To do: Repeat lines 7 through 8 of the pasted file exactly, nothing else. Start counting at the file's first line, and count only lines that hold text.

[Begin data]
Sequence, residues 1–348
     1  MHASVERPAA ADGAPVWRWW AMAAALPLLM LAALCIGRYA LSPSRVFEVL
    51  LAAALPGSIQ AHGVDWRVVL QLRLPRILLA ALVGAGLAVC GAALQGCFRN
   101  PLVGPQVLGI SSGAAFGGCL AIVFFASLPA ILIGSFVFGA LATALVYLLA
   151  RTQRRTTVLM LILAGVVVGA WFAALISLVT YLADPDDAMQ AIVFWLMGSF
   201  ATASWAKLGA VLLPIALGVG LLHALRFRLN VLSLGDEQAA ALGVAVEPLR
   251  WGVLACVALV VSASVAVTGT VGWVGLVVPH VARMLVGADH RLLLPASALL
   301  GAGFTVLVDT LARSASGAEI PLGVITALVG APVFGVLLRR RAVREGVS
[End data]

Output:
   251  WGVLACVALV VSASVAVTGT VGWVGLVVPH VARMLVGADH RLLLPASALL
   301  GAGFTVLVDT LARSASGAEI PLGVITALVG APVFGVLLRR RAVREGVS